[Repealed, L 2014 c 308 art 9 s 94]
"Electronic data processing records" include punched cards, magnetic tapes, magnetic disk packs, computer disks, and other machine-sensible data media used for recording, consolidating, and summarizing accounting transactions and records within a taxpayer's electronic data processing system. These records are required to be retained so long as their contents may be material in the administration of any provision of the Sales and Use Tax Law. The commissioner shall decide the materiality of any such records, and if the materiality of any record is questionable, then the record must be retained. It is not required that taxpayers retain the same data on two or more machine-sensible media. If there is a duplication of data between two or more electronic data processing media, the taxpayer must maintain a complete set of all the records on at least one of the media.
These requirements apply to any taxpayer who maintains any records on an electronic data processing media. The records to be maintained are as follows.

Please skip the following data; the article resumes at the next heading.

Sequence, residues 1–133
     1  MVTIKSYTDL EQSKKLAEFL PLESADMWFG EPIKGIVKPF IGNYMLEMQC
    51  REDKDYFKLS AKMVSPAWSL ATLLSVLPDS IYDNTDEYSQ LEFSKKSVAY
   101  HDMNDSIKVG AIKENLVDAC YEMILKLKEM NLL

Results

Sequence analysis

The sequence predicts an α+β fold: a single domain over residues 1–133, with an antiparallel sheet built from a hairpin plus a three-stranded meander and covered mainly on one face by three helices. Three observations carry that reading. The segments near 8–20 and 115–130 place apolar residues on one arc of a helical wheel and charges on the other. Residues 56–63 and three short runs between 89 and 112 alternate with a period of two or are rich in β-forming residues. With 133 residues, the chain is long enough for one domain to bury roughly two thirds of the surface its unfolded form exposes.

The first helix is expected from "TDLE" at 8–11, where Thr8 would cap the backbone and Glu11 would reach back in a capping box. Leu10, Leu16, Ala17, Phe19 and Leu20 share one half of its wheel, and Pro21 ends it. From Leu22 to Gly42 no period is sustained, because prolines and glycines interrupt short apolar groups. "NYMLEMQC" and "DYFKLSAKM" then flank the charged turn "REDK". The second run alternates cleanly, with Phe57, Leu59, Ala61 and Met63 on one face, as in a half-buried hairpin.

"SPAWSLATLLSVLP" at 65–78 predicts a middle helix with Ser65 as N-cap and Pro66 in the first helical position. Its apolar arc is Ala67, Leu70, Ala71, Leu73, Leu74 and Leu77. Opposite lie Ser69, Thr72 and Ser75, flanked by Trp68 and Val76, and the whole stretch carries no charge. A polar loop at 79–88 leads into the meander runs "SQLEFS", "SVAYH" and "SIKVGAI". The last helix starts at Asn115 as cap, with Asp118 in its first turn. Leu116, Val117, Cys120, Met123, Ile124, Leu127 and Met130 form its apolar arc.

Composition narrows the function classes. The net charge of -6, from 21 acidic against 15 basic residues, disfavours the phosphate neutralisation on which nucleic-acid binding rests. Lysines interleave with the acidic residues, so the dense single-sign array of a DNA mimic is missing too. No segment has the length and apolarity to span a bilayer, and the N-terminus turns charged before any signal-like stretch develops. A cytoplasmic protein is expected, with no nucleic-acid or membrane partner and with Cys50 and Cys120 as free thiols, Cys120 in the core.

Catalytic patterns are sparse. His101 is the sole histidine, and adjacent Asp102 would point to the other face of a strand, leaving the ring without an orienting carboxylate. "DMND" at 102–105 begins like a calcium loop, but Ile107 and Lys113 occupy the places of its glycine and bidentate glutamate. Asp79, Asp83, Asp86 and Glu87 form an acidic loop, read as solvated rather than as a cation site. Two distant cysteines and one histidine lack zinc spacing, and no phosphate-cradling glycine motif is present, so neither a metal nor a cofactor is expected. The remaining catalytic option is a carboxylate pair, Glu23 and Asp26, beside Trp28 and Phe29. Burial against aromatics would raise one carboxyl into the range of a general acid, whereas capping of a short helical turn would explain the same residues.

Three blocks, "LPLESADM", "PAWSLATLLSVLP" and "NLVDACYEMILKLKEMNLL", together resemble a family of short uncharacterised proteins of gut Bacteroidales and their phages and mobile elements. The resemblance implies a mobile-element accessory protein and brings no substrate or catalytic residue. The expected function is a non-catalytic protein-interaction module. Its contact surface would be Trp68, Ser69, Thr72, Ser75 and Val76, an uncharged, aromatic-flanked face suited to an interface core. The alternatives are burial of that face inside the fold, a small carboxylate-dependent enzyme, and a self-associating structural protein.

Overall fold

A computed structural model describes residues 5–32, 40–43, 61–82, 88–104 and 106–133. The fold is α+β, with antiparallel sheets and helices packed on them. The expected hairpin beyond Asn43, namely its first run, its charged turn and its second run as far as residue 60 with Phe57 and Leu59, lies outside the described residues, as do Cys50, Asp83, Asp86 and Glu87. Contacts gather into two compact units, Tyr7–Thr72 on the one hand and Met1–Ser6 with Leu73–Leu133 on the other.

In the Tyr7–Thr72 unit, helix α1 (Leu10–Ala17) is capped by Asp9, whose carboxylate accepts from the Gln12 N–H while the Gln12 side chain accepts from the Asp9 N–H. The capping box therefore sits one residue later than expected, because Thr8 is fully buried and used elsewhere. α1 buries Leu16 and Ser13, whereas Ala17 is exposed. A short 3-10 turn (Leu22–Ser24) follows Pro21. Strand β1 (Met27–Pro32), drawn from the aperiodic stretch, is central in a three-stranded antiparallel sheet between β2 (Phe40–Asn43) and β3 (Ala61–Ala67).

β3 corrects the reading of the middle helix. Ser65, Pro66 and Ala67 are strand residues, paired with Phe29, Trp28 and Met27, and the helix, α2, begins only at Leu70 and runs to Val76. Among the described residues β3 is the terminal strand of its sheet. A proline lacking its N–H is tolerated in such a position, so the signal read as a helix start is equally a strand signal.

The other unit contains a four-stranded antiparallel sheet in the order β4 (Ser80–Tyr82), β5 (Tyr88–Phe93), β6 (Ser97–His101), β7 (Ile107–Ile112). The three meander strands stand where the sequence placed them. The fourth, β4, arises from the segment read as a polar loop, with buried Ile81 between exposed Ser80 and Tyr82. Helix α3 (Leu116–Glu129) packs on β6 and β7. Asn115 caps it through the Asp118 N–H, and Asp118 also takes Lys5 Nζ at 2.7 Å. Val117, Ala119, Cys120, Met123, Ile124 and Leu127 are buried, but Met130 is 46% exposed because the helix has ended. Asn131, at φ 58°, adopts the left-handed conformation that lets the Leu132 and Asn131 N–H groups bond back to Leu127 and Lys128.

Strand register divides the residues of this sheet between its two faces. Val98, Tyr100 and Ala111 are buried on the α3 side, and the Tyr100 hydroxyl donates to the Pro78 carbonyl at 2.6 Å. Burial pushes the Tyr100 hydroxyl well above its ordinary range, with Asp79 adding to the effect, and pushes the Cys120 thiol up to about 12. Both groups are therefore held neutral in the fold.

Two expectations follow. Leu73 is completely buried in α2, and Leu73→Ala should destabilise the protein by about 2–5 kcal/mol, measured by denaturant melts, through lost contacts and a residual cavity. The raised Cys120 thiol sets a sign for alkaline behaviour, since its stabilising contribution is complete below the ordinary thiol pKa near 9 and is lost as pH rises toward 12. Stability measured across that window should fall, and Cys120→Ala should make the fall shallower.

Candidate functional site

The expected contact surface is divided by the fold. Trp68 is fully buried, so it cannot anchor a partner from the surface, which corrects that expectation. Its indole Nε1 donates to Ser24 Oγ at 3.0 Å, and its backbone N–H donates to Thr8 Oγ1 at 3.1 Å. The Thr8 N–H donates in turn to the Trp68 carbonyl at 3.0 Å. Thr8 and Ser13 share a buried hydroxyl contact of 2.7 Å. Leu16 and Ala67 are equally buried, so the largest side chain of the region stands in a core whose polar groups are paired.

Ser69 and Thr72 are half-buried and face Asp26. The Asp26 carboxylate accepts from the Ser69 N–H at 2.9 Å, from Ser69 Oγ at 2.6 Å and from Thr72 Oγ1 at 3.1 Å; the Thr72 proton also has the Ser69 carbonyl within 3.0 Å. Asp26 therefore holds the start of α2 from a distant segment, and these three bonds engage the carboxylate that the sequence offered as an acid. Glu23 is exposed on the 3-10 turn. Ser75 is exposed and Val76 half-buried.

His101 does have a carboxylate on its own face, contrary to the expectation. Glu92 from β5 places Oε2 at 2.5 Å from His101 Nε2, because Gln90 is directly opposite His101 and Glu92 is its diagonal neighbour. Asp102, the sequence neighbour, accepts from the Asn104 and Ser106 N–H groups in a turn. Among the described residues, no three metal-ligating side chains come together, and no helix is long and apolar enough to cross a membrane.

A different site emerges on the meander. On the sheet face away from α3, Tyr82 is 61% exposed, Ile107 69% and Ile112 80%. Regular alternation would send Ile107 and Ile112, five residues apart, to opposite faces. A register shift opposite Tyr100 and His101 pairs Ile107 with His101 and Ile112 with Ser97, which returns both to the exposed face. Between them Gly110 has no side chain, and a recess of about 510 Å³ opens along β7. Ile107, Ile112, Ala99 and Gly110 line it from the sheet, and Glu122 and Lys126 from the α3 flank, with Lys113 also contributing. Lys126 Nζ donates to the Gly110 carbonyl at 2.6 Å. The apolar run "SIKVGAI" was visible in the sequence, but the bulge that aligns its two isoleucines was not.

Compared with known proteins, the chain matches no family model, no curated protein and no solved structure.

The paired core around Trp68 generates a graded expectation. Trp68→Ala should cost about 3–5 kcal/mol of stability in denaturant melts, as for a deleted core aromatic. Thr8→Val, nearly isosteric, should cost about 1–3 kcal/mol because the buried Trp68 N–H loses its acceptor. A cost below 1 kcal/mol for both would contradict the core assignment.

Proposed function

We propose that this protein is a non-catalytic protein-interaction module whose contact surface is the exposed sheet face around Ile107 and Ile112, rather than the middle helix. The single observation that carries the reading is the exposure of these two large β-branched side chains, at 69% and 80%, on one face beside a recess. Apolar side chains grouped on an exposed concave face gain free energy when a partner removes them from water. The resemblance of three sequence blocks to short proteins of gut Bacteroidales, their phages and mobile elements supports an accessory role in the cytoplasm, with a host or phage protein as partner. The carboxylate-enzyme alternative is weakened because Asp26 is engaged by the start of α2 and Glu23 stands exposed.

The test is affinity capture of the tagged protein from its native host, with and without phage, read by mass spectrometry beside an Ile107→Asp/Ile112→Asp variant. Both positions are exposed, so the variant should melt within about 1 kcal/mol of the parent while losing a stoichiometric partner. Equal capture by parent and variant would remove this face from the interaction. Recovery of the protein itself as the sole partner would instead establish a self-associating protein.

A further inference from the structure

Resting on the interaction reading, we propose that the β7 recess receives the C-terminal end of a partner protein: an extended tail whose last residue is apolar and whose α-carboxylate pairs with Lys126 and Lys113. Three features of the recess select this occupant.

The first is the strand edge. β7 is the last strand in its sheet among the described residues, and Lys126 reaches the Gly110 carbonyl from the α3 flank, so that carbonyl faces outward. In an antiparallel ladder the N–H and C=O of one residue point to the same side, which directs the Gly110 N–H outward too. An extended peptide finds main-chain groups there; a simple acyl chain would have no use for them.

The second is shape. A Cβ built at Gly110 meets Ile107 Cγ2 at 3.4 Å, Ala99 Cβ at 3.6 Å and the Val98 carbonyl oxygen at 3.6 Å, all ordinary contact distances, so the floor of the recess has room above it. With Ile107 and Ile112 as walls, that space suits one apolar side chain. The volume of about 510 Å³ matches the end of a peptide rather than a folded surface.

A general ledger, with source references, to coincide with financial reports for sales tax reporting periods. In cases where subsidiary ledgers are used to support the general ledger accounts, the subsidiary ledgers must be maintained.
Invoices, vouchers, and other records which support the summary accounting data. There records must be identified and made available to the department upon request.
The records which provide the opportunity to trace any transaction back to the original source or forward to a final total. If printouts are not made at the time of processing, then the system must have the ability to reconstruct these transactions.
A general description or documentation of the electronic data processing portion of the accounting system. This includes but is not limited to:
standard programming conventions and procedures including flowcharting conventions, decision table conventions, coding conventions, standard glossary and standard abbreviations, standard programming techniques, and debugging procedures and techniques;